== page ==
There are more than 37,000 girls and women in Minnesota who are at risk of being subject to genital mutilation or cutting.
That's according to a new report by the Population Reference Bureau, a nonprofit based in Washington D.C. that says the victims are sometimes shipped out of the U.S., often to the family's home country, to have the cutting done.
The report says Minneapolis-St. Paul has the third-highest number of girls or women who are at risk of being victims of genital mutilation, at 37,417.
The D.C. area has 51,411, and New York 65,893.
The bureau's report found the number of women at-risk in the U.S. has more than doubled over the past decade. The data was released in conjunction with the United Nations' International Day of Zero Tolerance for Female Genital Mutilation.
Where is female genital mutilation performed?
The 10 countries where genital mutilation or cutting is most commonly performed are all in Africa. (See the list at right.)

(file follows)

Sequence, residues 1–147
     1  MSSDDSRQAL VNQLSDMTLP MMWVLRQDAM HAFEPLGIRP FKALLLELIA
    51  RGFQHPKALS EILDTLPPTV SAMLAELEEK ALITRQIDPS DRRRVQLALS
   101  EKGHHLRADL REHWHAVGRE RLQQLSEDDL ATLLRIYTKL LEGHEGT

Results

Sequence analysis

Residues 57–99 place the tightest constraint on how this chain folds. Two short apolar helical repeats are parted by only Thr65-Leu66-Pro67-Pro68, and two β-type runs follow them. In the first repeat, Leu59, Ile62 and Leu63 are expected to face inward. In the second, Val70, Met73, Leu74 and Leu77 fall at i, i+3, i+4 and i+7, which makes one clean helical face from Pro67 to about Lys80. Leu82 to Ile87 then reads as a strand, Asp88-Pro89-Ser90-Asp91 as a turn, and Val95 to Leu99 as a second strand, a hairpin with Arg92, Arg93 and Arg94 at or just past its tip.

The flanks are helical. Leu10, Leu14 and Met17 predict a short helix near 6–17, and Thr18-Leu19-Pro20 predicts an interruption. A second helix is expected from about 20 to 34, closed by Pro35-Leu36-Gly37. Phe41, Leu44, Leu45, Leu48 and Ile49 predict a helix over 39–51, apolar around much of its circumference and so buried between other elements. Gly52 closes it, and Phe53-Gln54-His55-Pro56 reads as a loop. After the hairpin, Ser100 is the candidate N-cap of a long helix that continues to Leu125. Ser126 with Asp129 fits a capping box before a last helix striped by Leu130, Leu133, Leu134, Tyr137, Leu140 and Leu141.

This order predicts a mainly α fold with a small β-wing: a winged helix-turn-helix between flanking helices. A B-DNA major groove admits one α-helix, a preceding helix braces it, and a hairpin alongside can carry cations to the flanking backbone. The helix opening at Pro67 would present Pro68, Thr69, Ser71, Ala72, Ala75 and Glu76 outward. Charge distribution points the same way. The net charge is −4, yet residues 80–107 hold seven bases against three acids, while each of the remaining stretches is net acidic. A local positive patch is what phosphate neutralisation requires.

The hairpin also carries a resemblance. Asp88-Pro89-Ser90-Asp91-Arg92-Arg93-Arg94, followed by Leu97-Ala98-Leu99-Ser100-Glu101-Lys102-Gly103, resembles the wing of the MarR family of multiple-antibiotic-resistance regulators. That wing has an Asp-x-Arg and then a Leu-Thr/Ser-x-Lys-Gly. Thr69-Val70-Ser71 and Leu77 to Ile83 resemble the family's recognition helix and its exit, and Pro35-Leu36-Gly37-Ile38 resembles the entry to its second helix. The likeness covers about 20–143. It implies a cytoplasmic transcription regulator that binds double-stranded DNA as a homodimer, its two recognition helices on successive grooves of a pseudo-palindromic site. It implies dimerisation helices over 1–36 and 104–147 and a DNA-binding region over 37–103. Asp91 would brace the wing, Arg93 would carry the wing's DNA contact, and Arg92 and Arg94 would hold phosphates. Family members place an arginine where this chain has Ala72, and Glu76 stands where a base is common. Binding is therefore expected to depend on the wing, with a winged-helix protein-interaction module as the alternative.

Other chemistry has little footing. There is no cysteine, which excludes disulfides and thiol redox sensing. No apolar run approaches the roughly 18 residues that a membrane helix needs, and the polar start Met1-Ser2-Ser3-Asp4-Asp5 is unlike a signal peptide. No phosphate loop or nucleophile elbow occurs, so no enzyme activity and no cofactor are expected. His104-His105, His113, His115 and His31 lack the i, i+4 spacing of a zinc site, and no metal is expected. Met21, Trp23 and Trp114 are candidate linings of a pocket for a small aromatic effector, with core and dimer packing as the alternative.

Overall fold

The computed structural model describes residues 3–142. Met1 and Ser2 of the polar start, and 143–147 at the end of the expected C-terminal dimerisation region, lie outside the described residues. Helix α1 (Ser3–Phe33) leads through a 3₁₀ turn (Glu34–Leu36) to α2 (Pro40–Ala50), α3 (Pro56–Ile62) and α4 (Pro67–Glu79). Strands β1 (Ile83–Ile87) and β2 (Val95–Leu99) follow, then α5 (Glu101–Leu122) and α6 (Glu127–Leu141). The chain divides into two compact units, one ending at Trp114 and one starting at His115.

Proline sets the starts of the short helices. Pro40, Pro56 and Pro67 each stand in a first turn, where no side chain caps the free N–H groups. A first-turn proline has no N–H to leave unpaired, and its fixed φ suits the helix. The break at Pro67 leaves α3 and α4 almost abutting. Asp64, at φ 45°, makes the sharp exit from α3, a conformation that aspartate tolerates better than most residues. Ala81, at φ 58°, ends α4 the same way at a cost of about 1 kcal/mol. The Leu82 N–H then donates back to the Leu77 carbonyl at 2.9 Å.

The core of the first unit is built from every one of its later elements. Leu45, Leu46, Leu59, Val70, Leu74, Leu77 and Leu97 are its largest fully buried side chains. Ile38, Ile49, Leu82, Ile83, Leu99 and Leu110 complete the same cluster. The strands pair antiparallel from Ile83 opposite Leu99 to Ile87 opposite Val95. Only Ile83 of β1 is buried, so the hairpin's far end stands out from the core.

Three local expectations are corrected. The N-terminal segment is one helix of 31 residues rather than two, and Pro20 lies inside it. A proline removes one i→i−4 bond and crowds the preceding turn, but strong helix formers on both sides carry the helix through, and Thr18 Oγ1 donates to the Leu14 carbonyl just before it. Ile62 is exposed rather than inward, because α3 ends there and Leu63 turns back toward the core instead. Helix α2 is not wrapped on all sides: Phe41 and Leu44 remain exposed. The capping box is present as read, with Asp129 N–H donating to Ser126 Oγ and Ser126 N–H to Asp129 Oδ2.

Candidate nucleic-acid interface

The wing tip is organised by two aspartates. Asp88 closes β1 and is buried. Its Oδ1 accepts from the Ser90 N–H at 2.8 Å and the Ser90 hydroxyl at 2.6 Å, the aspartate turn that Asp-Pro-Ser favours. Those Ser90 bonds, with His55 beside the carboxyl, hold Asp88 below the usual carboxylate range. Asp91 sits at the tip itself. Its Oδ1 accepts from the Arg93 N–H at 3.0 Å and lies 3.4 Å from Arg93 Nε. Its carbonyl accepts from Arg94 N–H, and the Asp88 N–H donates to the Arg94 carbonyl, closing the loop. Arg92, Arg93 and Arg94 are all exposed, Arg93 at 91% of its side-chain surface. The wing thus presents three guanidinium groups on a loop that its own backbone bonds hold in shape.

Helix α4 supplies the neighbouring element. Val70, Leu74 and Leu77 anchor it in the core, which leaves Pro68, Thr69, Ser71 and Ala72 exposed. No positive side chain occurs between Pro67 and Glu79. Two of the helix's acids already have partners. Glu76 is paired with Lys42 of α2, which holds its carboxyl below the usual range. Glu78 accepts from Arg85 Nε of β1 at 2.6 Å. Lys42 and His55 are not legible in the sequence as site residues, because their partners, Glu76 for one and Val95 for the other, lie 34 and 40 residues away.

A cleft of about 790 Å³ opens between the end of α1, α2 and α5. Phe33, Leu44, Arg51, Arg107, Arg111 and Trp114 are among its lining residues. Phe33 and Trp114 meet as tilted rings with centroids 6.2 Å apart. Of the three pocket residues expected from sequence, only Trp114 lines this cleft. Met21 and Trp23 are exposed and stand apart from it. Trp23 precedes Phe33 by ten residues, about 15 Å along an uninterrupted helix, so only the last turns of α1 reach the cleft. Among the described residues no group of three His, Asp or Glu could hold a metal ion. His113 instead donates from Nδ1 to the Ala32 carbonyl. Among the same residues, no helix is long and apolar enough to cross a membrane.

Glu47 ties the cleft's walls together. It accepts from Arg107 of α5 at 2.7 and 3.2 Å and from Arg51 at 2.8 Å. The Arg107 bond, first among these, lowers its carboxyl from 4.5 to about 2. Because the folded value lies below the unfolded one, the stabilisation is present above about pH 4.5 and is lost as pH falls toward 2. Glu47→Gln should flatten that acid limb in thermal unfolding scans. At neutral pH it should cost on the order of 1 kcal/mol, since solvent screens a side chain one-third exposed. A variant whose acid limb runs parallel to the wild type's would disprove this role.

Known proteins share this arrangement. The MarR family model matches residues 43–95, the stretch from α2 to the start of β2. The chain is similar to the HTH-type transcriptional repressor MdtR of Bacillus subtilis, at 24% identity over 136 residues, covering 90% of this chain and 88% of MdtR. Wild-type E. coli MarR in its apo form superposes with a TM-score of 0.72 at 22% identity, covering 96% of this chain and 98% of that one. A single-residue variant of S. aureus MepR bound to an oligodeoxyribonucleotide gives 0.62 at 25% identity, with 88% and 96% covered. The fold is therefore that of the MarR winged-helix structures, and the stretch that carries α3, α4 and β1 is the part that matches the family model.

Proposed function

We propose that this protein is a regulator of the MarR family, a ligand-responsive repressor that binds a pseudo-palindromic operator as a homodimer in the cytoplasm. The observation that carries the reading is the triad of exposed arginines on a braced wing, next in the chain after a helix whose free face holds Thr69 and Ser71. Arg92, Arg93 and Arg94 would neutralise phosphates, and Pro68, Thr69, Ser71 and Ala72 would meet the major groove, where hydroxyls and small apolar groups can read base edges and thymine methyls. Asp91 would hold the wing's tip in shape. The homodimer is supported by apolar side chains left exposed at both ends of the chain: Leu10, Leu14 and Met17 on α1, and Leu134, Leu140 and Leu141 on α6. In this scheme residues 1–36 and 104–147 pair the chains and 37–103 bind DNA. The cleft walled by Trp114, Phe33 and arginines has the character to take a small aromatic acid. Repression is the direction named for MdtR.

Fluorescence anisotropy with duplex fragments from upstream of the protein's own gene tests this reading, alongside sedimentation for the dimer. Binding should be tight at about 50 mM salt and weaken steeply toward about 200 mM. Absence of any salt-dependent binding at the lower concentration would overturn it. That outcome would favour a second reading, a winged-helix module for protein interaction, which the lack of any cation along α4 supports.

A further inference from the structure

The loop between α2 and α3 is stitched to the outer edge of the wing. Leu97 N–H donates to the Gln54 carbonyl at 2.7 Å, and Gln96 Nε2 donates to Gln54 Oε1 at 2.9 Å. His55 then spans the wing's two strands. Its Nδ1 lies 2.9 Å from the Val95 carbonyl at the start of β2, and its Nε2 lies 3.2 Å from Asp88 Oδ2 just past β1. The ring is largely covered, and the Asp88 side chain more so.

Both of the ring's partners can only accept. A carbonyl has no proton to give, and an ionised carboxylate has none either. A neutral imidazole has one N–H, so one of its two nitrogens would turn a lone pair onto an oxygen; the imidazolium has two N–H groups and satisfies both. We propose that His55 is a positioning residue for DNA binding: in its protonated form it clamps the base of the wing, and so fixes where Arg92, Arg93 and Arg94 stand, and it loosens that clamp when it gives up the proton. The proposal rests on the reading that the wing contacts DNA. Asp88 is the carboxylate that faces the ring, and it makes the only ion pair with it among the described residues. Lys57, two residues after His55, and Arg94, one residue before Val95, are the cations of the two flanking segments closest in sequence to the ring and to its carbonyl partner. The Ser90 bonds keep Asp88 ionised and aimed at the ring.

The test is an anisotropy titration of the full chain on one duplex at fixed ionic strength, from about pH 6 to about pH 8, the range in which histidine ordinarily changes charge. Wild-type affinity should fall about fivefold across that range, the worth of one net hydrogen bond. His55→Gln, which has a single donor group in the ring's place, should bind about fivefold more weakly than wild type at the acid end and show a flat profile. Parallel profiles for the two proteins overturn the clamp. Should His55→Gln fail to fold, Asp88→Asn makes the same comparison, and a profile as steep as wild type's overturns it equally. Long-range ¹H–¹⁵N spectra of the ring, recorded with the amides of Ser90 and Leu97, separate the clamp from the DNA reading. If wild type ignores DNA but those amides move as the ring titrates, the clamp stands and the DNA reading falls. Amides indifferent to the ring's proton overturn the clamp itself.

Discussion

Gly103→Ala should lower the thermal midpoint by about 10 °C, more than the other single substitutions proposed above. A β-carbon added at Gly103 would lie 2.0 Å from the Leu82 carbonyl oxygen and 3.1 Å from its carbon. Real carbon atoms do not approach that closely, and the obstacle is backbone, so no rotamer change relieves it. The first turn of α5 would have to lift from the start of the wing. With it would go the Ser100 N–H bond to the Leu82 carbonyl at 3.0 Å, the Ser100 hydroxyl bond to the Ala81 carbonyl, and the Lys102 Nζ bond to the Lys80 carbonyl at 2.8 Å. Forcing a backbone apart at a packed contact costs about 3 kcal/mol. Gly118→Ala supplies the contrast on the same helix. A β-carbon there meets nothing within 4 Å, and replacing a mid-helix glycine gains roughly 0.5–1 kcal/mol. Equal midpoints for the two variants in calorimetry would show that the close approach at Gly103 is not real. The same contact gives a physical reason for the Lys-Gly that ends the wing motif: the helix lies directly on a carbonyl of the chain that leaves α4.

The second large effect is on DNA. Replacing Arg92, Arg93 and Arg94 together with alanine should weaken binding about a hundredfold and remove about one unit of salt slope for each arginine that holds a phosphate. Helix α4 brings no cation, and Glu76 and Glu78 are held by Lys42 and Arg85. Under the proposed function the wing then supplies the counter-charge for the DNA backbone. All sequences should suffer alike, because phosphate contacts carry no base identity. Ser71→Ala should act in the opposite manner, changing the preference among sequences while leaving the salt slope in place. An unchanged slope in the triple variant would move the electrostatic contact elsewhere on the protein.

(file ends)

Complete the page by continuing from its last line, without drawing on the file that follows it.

The African Development Center of Minnesota says the state is home to more than 100,000 immigrants from Africa.
And they make up a large percentage of the overall immigrant population.
In 2013, MinnPost reported that of all the immigrants seeking citizenship in Minnesota, 41 percent of them were coming from Africa.
More on genital mutilation and cutting
Female genital mutilation involves removing part, or all of, a woman's genitalia, the Equality Now foundation says, usually as a social or religious tradition.
The Daily Beast says it's viewed as a "rite of passage," and is used as an attempt to prevent girls from engaging in sexual activity before marriage.
It's often done without anesthetic, and can lead to long-term issues, such as pain during urination or sex, chronic infection, and increased risk during childbirth.
Female genital mutilation is recognized as a human rights violation.
The Population Reference Bureau notes in 2013, it became illegal in the U.S. to knowingly send a girl outside of the country for the purpose of cutting or mutilation.